General Protections

The Federal Court orders re-instatement of dismissed employee on working visa

In a pivotal Federal Court ruling, Justice Perram has spotlighted the intricacies of employment law, particularly concerning the legality of termination practices and the protections afforded to visa-sponsored employees. This case, involving Mr. Toppo and P & J Harris & Sons, deals with the complex terrain of whether an employee’s termination was a direct result of their inquiries about unpaid bonuses, which, if substantiated, could constitute an unlawful dismissal giving rise to a claim for breach of the General Protection provisions of the Fair Work Act 2009 (Cth) (“FW Act”). It also demonstrates when a Court may rely on the powers afforded to it in section 545 of the FW Act and make an order to reinstate a visa holder’s employment, post termination.

The Legislative Foundations of Australia’s Industrial System

One of the primary purposes of the Fair Work Act is to create minimum requirements, protections and obligations in order to provide a balanced framework for cooperative and productive workplace relations that promote national economic prosperity for all Australians. The Fair Work Act achieves this objective by implementing a number of mechanisms including the National Employment Standards, and the creation of Modern Awards, Enterprise Agreements, protections for unfair dismissal, provisions that protect against adverse action and sham contracting, all of which are obligations that employers must abide by and can result in significant legal remedies where a breach occurs.

General Protections: Why Employers Should Take Heed

A claim for breach of the general protections, or as it is otherwise known, “adverse action”, is the lesser known of two predominant claims brought by employees in circumstances where their employment is terminated. While most employers are familiar with the threat of an unfair dismissal claim, fewer understand the risks associated with taking adverse action against an employee.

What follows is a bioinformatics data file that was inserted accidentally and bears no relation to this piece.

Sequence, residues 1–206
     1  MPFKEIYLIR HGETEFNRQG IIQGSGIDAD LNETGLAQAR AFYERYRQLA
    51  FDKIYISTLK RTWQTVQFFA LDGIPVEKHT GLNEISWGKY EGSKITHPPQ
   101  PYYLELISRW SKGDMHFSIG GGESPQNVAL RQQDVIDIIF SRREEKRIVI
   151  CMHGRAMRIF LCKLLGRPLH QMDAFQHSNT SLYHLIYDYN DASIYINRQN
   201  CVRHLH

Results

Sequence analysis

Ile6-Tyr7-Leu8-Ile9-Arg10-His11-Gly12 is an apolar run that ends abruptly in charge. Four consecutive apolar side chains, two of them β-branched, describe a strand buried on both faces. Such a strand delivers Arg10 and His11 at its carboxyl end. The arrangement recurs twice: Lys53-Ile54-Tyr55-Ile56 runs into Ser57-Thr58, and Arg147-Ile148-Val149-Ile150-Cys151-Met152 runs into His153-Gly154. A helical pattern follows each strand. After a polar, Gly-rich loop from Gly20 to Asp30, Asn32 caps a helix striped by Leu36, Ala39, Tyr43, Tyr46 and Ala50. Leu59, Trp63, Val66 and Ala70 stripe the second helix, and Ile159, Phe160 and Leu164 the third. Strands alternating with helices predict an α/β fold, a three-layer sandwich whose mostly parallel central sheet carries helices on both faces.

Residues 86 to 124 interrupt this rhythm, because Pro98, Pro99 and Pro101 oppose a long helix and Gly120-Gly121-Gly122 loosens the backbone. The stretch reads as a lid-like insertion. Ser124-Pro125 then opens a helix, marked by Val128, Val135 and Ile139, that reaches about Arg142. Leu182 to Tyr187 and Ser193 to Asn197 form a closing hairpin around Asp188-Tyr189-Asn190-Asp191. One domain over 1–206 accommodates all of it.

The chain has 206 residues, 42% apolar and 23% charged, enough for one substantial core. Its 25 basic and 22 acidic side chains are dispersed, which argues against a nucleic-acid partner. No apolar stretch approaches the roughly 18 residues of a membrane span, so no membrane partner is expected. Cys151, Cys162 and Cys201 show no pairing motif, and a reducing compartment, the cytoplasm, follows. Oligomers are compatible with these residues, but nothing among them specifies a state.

The Fair Work Commission Anti-Bullying Jurisdiction: Has the Fair Work Commission Stopped the Bullies?

Under Part 6-4B of the Fair Work Act 2009 (Cth) (“Act”), the Fair Work Commission (“Commission”) has the power to make a ‘stop bulling order’ when a worker has been bullied at work, unless the alleged bullying conduct amounts to “reasonable management action” carried out in a “reasonable manner”. This jurisdiction, which commenced on 1 January 2014 with widespread community support and in particular from the Commonwealth government, has been in operation for over 4 years, and in this time, it has had much lower rates of utilisation than expected. Evidently, much the same can be said for the success rates of those who have pursued a bullying application through the Commission.


On Wednesday and Thursday last week Shana Schreier-Joffe of our office was invited to attended and present at the Global Mobility and Skills Forum in Adelaide. This was an international conference designed to explore the challenges facing business in dealing with skill acquisition and an increasingly mobile workforce.

There were numerous very experienced and thought provoking speakers at the conference, however one of the speakers, Aaron LePoidevin made a number of comments that we think require further discussion and consideration.

Know Your Rights When Union Officials Knock On Your Door

Union right of entry laws are a cornerstone of our industrial relations system. Unfortunately, many employers can be caught out when a union official tries to visit their premises. It is especially vital for employers to understand their rights and obligations in this area, as unions do not have an unfettered right to enter, but nor can the employer improperly obstruct entry for a proper purpose.